Go back to Mandera, Nkaissery tells teachers

January 21, 2015 12:52 pm
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Nkaissery said the government has instituted a raft of security measures in the affected areas and that all public transport vehicles to Wajir, Mandera and Garissa will be given armed escort. Photo/ FILE
Nkaissery said the government has instituted a raft of security measures in the affected areas and that all public transport vehicles to Wajir, Mandera and Garissa will be given armed escort. Photo/ FILE

, NAIROBI, Kenya, Jan 21 – Interior Cabinet Secretary Joseph Nkaiserry has asked teachers to resume duties in Mandera schools assuring that the security has been beefed up.

Nkaissery said the government has instituted a raft of security measures in the affected areas and that all public transport vehicles to Wajir, Mandera and Garissa will be given armed escort.

“I want to encourage and request the teachers just to be brave enough like all the citizens in Mandera, and go back and perform their duties because there is security and we shall provide security for them,” Nkaiserry said.

At least 1,500 teachers have been staging a sit-in at the Teachers Service Commission offices in Nairobi since Monday demanding transfer or interdiction letters due the rising insecurity caused by the Al-Shabaab militia.

“We are working on a strategy on how to secure this country not just Mandera and I have put a detailed strategy in place which you don’t expect me to tell you, but we are going to ensure every citizen is secure,” he told reporters on Wednesday.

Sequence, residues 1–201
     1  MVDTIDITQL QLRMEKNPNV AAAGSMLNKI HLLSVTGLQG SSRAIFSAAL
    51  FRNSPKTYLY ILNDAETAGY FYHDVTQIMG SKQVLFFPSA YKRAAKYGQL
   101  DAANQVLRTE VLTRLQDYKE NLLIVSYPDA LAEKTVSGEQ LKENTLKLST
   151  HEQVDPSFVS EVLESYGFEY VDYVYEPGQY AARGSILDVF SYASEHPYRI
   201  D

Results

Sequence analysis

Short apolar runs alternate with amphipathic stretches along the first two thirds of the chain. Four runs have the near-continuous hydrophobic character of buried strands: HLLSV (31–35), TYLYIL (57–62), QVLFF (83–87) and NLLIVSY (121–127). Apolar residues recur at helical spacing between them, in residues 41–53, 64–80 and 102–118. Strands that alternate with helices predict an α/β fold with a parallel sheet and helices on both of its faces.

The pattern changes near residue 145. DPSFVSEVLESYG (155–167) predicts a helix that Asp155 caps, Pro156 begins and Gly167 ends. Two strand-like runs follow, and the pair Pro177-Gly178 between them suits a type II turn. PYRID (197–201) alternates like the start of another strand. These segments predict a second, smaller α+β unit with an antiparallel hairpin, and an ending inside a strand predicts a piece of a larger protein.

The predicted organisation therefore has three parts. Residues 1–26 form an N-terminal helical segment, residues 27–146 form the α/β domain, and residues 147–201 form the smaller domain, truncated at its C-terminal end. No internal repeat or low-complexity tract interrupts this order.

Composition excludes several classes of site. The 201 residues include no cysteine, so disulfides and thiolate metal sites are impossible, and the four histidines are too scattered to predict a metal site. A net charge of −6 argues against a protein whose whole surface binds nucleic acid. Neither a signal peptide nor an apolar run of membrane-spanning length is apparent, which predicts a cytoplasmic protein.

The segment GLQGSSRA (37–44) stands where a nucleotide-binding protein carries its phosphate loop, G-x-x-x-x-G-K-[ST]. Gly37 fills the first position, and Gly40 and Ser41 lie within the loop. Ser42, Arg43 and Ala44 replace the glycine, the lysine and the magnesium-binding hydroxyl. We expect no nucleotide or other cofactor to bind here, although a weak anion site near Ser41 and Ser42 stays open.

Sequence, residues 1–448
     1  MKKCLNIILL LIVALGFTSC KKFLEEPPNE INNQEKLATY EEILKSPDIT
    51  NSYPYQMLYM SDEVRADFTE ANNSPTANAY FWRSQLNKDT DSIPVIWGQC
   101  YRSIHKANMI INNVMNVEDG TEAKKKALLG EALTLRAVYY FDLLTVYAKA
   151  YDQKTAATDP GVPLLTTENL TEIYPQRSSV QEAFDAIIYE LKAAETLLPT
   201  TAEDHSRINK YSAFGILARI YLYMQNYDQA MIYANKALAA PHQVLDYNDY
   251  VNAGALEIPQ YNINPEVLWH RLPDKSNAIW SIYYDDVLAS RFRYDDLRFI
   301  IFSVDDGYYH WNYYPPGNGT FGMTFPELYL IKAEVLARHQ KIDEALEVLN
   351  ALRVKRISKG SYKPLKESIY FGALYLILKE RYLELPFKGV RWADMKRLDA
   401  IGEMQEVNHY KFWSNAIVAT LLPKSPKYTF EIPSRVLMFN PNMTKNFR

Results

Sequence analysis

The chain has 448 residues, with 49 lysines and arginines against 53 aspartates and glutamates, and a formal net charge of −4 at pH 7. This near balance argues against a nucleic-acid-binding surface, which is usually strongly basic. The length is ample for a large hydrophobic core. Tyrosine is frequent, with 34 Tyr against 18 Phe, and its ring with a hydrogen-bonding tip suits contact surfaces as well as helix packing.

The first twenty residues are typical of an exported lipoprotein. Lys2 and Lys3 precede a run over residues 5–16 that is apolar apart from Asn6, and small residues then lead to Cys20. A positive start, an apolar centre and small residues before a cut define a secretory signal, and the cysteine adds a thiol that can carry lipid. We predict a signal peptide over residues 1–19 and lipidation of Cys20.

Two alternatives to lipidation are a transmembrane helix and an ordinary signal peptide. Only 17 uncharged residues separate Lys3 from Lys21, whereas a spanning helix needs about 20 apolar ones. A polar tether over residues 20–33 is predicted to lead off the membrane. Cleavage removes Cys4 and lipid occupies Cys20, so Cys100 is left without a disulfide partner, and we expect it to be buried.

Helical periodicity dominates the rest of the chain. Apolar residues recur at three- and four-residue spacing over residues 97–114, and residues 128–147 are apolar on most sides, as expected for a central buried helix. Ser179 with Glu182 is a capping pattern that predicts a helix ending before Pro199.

Seven teachers were among 28 people executed in December after Al Shabaab militants hijacked a bus in Mandera County. The militia also killed 36 miners working at a quarry.

The Teachers Service Commission (TSC) rejected the transfer requests to be moved out of Garissa, Wajir and Mandera due to insecurity and ordered the tutors to resume teaching by next Monday

In addition, TSC pointed out that security personnel will be posted around learning institutions and other public facilities and police patrols intensified during the day and night.

But the teachers have remained adamant saying that even if the government was to provide at least two police officers, their security is still not guaranteed because most of the schools are not fenced and the two cannot stop the militia when they attack.

The teachers’ spokesman described the situation for non-Muslim teachers in the region as volatile, and asked the employer to consider transferring them.

They said the militiamen always target non-Muslims, making them unable to effectively offer their services.

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